Google+ is dead as of August, 2019:
(CNN) For Google, a data privacy reckoning may finally come as a result of a service that it admits almost no one uses much anymore.
Google said Monday, October 8 it is shutting down the long ailing social network Google+ for consumer use amid new scrutiny of the company for reportedly failing to publicly disclose a security bug affecting hundreds of thousands of accounts on the service.
In a blog post, the company admitted Google+ had failed to achieve “broad consumer or developer adoption” since it launched as a would-be Facebook rival in 2011. However, the announcement came moments after The Wall Street Journal reported Google had opted not to disclose a bug affecting Google+ users at least in part to avoid additional regulatory scrutiny.
Google said in the blog post that it “discovered and immediately patched” a bug in March 2018 that potentially allowed app developers to access profile data from users that had not been marked as public. The bug is said to have affected as many as 500,000 accounts, though the company says it found “no evidence” that any data was actually misused.
According to the Journal, Google’s legal and policy team warned senior executives at the company that disclosing the security flaw could lead to “immediate regulatory interest.”
My Take – We haven’t heard the last of this:
Since inception, Google+ never gained steam. Reportedly, there are an estimated paltry 100 – 110 million users. Compare this to behemoth Facebook at 2.3 billion users. If you ain’t got it after seven years of trying, surrender seems logical.
So says Google, you’ll have until August, 2019 to remove your data from Google+.
What’s more interesting, is that the United States doesn’t yet have a federal data breach law. Neither do many states. California recently passed a tough new privacy law with some similar requirements to Europe’s framework – GDPR which took effect May 25, 2018. Since Google’s “bug” occurred prior to California’s law and the effective date of the GDPR, it appears to me that Google’s legal team advised management to cut their losses now, reasoning they are “grandfathered” against claims by closing out their floundering Google+ rather than challenge currently existing or retroactive and sure to come regulations both home and abroad.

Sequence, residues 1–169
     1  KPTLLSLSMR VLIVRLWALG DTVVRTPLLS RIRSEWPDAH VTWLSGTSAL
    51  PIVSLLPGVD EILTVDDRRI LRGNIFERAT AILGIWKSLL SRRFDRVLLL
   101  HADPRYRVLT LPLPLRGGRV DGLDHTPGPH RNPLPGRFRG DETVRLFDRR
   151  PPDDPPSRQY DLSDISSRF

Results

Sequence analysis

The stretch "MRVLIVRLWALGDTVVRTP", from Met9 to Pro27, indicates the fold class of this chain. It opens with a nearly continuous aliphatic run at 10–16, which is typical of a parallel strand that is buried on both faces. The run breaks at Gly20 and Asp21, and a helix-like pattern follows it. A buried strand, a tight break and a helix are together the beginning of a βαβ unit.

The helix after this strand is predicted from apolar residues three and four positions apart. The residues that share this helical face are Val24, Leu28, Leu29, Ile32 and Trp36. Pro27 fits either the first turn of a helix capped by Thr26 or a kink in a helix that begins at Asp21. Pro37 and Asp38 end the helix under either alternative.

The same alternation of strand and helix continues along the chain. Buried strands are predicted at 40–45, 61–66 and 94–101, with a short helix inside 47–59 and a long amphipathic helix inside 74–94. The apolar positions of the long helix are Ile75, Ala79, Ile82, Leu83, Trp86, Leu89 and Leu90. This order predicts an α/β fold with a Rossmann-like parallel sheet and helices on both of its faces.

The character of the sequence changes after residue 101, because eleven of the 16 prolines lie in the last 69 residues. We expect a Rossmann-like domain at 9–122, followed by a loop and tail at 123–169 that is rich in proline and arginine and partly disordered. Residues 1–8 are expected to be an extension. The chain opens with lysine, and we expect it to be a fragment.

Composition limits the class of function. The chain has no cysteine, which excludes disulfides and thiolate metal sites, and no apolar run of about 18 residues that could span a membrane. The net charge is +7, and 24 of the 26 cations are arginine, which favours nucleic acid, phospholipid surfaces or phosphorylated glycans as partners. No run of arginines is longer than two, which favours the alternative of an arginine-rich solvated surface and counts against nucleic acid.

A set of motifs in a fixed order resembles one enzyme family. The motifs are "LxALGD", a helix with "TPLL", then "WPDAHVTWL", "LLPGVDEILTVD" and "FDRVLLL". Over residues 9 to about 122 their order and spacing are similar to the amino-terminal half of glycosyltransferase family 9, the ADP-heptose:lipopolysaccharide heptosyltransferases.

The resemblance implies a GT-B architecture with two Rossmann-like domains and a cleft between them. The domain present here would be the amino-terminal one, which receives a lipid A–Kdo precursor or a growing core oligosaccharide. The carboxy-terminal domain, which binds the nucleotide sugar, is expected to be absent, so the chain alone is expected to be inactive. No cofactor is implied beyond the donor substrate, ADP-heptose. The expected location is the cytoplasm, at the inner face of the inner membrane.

GDPR Implications – Ouch!
The dos: From now on, companies everywhere (globally) must:
- get EU citizens’ consent to collect their personal data and explain what it will be used for
- let them see, correct, and delete it upon request
- make it easy for users to shift their data to other firms
The don’ts: Companies must not ignore regulators’ requests to fix GDPR failings, nor take more than 72 hours to report a security breach involving personal data.
The punishment: The worst offenders can be fined up to 20 million euros ($23 million) or 4 percent of their revenue from the prior year, whichever is greater. There are smaller penalties for less serious transgressions.
Why this matters: Europe’s tough standards could influence how America and other countries shape their data protection regimes.
It’s highly doubtful Google ever made any money off Google+, and given it’s track record – particularly lack of growth, I see no light at the end of this funnel. Faced with potentially astronomical legal bills and global regulatory fines, were I Google, I’d hop out too.
But again, as said, we haven’t heard the last of this. Suffice to say all flavors of politicians, watchdog groups, states, countries, etc. are chomping at the bit to get involved. Stay tuned.